Light Virtualization (LV in short) is a relatively new software technology. LV's approach is quite different to that of full virtualization, which requires a host system with virtual machine (VM) software installed in order to run emulated operating systems.
One of the main disadvantages of full virtualization has always been the lack of support for certain hardware devices like video cards. When running virtualized operating systems, users had to put up with emulated hardware, with all the limitations this would entail. For example, users could not run graphically demanding applications within an emulated operating system.
This has recently changed with the introduction of Intel's Virtualization Technology for Directed I/O (VT-d). With VT-d support, virtual machines are now able to access the host machine's hardware directly. The downside to this is that users will need VT-d capable hardware and a relatively powerful host system with a generous helping of RAM, in order to make the most of this technology.
In the case of LV there is no such need for special hardware or for a host system and VM software. The real system is being virtualized and you don't need a powerful system with lots of resources either: Light virtualization works well even on older and less powerful systems. When LV software is installed and activated, there is no need to start repairing when bad things happen. Things like most malware infections, installations of bad programs that mess-up the computer's settings, user configuration errors, even file system errors caused by crashes, all those things are reversible with just a simple computer restart.
So, how does this technology work? LV programs employ a virtualization buffer which is a reserved area that is totally isolated from the rest of the system. Once LV protection has been activated all system changes are contained strictly within that buffer and nothing touches the real system. This buffer is in most cases located on the protected disk. There are some LV programs that can also use RAM for the buffer, with all the speed and security benefits this entails.
Some LV applications are able to protect only the system partition/disk - the one that holds the operating system and is normally designated as C: - whereas others can protect all disks attached to the system, including USB sticks. Some of them work at file system level, with the virtualization buffer itself existing as a file that resides on each one of the protected volumes. Some others work at disk sector level and use the protected disk's free space for the virtualization buffer. This second approach is generally deemed as more secure among fans of such software.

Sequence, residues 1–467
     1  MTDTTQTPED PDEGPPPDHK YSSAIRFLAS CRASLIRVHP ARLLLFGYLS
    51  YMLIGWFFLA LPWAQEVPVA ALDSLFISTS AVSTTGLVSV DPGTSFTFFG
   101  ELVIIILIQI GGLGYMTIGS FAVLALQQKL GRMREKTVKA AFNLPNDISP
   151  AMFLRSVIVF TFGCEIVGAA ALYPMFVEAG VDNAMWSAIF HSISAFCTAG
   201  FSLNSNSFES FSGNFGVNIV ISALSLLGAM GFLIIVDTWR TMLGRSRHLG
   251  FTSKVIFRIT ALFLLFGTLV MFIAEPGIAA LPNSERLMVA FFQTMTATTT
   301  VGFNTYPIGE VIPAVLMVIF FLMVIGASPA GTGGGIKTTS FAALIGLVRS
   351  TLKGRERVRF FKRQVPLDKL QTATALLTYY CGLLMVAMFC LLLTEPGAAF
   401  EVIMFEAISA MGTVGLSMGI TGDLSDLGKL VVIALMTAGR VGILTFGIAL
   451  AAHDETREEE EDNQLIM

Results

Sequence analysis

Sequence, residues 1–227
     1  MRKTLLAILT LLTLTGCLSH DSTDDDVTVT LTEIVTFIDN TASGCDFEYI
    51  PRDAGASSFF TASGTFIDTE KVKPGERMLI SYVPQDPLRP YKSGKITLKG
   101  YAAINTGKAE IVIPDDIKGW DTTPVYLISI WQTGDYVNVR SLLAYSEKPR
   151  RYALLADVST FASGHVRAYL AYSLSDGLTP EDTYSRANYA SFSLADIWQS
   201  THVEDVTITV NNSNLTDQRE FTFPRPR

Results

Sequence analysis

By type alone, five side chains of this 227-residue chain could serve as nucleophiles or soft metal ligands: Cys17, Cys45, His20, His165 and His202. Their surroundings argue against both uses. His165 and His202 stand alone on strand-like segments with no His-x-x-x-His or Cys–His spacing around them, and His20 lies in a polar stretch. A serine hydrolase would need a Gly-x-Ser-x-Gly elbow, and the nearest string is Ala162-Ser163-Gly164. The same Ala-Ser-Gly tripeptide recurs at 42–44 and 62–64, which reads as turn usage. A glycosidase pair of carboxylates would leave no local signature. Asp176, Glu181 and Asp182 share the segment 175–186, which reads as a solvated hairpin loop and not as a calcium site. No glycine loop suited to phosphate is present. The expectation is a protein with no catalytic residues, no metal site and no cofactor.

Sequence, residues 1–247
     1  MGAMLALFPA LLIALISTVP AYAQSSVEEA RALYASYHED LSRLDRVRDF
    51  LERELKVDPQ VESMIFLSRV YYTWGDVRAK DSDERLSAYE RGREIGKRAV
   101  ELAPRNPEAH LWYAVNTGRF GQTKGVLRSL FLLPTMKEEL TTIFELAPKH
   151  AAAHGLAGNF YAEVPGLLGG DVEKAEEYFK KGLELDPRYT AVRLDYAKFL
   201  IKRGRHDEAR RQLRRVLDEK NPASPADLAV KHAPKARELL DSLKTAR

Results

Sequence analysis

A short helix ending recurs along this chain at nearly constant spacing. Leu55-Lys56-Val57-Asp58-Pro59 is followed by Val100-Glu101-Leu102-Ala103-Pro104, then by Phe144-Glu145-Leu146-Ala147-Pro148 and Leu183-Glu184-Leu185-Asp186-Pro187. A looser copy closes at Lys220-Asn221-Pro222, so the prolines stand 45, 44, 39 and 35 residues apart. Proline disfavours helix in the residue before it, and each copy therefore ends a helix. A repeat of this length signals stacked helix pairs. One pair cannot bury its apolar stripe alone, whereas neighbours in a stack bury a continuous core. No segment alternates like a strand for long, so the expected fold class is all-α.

When LV protection is active users have two choices when rebooting. Restart the system without committing any changes that have happened since LV protection was activated. In this case all changes that have happened on any protected disks/partitions will be discarded by default and those disks/partitions will be reverted back to their previous clean state upon reboot.
Commit all changes that have happened since LV protection was activated, and then restart. In this case all changes that have happened on any protected disks/partitions will be committed to those disks/partitions upon reboot. Please note that not all LV software offer such an option to commit changes. Some of them are designed to keep your disks/partitions unchanged no matter what, and as a result they offer no option to commit changes.
The basic concept of Light Virtualization is described visually in the following picture:
Page 2 of 6
Further Reading: Read and find more Software content at our Software reviews, guides and articles index page.
Do you get our RSS feed? Get It!